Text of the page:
"I’m here because you called. I’m here because I am a part of your history," notable civil rights activist and musical icon Harry Belafonte declared Friday to a crowd of hundreds of demonstrators inside the main rotunda of the Florida capitol building.
The rally, billed as #theTakeover, was one of a number of demonstrations staged by the Dream Defenders since the group took residence in the capitol on July 16 in an ongoing sit-in to call attention to what they are saying is the 'systemic criminalization of black and brown youth.'
The protesters are calling on Florida Governor Rick Scott to hold a special session of the legislature to repeal the controversial Stand Your Ground law, address the dangerous and ongoing practice of racial profiling, and amend the "war on youth that paints us as criminals and funnels us out of schools and into jails."
"We understand that we have to go right to the source of power and we have to fight with them in order to make real change," protester Daniel Agnew recently told YES! Magazine. "That’s why we’re at the state capitol, because that’s where things change."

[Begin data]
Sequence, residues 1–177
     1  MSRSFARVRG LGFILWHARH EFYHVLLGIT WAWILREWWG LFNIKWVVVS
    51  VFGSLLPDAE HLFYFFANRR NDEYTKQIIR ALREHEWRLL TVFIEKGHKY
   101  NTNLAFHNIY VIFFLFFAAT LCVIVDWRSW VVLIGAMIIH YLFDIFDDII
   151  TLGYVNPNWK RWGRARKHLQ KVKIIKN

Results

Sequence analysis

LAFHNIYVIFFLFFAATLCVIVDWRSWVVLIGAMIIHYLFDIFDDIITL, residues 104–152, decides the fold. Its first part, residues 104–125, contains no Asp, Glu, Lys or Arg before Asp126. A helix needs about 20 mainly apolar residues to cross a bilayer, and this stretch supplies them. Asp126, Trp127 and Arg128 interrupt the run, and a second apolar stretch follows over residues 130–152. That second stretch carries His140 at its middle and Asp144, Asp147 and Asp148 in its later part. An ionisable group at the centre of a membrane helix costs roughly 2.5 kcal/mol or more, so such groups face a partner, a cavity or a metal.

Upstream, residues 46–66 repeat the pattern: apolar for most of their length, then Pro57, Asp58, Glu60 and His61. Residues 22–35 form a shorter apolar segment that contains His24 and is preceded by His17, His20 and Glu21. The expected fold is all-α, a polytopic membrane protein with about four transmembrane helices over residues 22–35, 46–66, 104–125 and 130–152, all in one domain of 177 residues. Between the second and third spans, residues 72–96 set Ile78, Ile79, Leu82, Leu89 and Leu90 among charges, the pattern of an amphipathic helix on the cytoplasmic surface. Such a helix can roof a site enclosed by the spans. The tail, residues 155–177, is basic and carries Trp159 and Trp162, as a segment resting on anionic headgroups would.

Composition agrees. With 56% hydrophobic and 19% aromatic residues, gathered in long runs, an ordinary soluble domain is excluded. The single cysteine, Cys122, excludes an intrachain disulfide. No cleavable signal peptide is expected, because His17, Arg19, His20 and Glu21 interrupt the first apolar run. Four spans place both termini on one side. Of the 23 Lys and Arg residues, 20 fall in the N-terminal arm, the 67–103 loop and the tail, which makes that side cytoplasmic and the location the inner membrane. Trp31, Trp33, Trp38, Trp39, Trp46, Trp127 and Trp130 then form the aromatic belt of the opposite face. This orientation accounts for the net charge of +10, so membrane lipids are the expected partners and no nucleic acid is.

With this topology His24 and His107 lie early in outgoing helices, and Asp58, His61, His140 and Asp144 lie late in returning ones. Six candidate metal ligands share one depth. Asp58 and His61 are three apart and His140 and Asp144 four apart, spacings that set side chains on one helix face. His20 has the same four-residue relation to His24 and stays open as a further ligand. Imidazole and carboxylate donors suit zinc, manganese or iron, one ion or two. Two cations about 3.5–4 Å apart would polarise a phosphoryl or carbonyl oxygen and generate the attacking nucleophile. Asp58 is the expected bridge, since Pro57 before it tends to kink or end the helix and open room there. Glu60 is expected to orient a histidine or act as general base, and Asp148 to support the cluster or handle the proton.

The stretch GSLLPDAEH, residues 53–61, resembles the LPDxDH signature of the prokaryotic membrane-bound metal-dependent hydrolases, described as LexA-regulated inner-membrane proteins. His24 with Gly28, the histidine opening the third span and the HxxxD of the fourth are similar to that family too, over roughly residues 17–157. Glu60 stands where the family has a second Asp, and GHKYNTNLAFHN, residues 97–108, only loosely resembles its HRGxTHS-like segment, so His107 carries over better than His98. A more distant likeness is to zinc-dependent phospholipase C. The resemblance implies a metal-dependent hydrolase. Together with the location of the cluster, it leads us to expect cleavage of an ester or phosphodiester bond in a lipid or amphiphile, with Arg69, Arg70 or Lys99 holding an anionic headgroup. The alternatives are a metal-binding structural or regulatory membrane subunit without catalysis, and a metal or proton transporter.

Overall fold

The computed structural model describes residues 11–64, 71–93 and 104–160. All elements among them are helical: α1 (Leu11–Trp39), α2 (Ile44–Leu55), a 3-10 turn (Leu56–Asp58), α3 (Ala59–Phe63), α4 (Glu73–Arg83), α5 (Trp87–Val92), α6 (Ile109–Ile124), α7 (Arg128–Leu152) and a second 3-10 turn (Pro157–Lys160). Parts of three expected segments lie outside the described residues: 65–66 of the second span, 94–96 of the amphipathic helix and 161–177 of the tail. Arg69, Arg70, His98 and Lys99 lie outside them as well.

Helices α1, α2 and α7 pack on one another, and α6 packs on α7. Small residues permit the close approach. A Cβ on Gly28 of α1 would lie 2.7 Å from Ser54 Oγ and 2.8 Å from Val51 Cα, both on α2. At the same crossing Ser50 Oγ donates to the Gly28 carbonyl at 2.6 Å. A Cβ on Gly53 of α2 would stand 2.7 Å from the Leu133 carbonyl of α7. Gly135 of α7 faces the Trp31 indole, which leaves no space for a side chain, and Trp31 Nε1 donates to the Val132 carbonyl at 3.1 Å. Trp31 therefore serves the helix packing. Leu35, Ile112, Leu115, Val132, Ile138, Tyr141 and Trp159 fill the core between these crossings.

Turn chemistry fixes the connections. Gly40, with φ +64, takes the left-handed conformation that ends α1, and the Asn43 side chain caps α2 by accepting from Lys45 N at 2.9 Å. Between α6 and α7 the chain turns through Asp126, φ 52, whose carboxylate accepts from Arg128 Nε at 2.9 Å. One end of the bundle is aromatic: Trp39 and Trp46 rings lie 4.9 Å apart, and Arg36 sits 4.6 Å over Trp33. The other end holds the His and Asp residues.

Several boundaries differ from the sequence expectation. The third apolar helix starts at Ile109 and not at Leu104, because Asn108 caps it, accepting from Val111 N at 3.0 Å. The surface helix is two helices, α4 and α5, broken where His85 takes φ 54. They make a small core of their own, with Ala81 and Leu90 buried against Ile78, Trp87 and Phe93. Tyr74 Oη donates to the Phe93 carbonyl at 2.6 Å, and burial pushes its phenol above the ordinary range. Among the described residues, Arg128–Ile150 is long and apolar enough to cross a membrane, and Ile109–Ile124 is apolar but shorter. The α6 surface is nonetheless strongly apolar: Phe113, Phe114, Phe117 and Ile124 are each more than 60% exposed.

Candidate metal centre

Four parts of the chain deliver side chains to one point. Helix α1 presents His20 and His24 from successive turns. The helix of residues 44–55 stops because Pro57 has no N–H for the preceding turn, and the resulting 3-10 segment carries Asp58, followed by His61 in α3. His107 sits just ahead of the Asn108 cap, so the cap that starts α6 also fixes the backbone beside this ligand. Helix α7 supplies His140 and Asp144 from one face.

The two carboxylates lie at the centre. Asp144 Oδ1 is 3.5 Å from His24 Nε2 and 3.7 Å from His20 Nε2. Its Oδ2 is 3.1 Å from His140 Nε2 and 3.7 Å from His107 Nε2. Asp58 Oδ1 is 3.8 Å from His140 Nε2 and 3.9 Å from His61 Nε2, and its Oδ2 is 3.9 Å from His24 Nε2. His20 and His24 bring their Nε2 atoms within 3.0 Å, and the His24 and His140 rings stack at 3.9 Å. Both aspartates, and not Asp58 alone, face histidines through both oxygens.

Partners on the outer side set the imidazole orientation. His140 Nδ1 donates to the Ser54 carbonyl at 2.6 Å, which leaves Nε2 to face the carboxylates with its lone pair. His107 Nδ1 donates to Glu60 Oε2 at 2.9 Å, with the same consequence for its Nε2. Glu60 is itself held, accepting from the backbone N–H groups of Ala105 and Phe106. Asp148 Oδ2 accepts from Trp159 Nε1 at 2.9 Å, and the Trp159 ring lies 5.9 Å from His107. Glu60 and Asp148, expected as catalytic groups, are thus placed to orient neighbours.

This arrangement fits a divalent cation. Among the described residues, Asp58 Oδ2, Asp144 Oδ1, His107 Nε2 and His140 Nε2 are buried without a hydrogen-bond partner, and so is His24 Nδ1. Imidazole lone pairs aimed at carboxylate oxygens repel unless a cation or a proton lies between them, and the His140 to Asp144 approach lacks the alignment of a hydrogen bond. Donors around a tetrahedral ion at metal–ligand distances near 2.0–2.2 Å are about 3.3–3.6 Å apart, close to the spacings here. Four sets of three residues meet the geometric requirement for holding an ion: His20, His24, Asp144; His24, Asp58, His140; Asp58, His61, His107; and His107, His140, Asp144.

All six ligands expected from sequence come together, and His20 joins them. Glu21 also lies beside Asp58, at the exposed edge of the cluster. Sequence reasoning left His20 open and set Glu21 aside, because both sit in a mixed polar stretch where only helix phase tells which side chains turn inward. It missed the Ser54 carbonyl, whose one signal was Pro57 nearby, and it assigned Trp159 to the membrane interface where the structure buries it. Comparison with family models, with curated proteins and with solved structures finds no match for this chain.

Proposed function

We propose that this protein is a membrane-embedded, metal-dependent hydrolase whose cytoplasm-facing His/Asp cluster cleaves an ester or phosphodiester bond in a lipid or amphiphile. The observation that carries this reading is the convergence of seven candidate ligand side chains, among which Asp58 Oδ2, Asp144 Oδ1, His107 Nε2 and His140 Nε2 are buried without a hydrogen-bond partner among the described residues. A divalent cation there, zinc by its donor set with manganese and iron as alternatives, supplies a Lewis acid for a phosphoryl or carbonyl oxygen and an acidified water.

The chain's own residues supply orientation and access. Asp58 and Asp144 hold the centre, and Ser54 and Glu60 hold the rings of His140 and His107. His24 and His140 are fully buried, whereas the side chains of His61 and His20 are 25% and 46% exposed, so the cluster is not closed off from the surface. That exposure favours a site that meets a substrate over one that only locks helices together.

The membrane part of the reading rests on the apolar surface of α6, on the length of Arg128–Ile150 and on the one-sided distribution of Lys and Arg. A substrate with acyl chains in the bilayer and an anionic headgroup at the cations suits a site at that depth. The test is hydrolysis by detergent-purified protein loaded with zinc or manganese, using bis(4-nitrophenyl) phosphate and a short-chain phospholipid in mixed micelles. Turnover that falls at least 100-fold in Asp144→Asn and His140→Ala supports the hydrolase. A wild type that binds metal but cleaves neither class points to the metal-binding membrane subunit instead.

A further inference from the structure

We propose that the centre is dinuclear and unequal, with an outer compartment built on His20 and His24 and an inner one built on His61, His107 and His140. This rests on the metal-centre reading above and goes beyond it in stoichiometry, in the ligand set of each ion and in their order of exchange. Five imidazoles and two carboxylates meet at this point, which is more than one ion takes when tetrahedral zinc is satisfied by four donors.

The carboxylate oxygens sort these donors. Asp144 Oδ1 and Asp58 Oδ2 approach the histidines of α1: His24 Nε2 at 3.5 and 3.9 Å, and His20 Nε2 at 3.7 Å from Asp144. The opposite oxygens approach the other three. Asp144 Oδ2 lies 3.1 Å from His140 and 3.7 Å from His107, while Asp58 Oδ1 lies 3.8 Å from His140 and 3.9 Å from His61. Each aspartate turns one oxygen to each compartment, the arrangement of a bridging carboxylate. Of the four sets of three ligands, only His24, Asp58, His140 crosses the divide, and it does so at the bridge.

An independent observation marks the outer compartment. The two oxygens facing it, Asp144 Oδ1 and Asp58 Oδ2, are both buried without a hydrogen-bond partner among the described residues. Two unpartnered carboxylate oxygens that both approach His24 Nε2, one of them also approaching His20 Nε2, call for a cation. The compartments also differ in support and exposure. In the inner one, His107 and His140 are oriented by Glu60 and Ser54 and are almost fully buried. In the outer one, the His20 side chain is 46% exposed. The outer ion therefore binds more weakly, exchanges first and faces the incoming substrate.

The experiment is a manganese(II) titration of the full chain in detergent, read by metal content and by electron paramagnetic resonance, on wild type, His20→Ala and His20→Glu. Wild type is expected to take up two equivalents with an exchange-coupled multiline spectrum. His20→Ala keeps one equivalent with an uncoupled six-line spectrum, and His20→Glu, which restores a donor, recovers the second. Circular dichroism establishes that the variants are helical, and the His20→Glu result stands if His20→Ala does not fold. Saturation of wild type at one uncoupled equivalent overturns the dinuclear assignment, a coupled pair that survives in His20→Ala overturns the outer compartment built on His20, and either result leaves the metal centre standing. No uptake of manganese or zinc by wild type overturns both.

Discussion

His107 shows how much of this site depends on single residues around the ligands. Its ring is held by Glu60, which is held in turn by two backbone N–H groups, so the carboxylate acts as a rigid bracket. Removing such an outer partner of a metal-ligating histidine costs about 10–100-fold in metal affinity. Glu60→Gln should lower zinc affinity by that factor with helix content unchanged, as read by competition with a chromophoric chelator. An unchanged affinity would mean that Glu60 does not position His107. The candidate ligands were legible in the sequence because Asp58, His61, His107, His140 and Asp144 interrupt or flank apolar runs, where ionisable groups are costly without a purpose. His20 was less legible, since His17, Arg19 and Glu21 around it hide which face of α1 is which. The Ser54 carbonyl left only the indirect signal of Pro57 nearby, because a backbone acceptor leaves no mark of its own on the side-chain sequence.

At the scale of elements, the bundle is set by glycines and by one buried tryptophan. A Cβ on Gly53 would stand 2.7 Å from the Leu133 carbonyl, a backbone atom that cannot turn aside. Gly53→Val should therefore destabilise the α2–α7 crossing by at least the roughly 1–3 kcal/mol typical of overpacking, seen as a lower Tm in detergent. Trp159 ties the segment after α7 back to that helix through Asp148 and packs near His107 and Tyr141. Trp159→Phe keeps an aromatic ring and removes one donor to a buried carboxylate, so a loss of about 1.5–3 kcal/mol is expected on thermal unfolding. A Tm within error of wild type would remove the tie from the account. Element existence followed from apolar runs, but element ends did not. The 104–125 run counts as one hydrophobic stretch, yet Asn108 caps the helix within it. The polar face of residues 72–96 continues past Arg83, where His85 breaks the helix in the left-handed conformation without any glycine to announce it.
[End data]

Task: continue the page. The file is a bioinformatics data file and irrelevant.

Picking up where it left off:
Over the weekend, the Defenders' camp was buoyed by a number of faith-based organizations and students from up and down the east coast. Since occupying the capitol building, the sit-in demonstrators—whose numbers fluctuate from 15 or 16 to over 100, depending on time of day—have been busy building and organizing for upcoming demonstrations.
"I’m doing this because I believe that Florida has been shown that they don’t really value the lives of our youth, with the school-to-prison pipeline and forcing our kids out of school and into drug programs or into house arrest," said protest organizer Jabari Mickles. "Social injustice is going on in the state of Florida and black and brown young people are disproportionally penalized. We need change if we actually say we care about the future of Florida, and not just the future of people who have money."
"[W]hen you’re talking about racial profiling and the school-to-prison pipeline in general, you’re talking about disenfranchising a whole class of citizens and making them second-class citizens," added outreach organizer Melanie Andrade. Andrade points out that—though the Stand Your Ground rule has become a central rallying theme—these conversations have been occurring since before the trial and that the problem goes far beyond that legislation.
"Stand Your Ground isn’t what put the bullet in Trayvon. The culture that Zimmerman was brought up in—this whole environment of safety first, everybody is scared of people, people profile each other and don’t even realize it—that whole culture is what we’re talking about."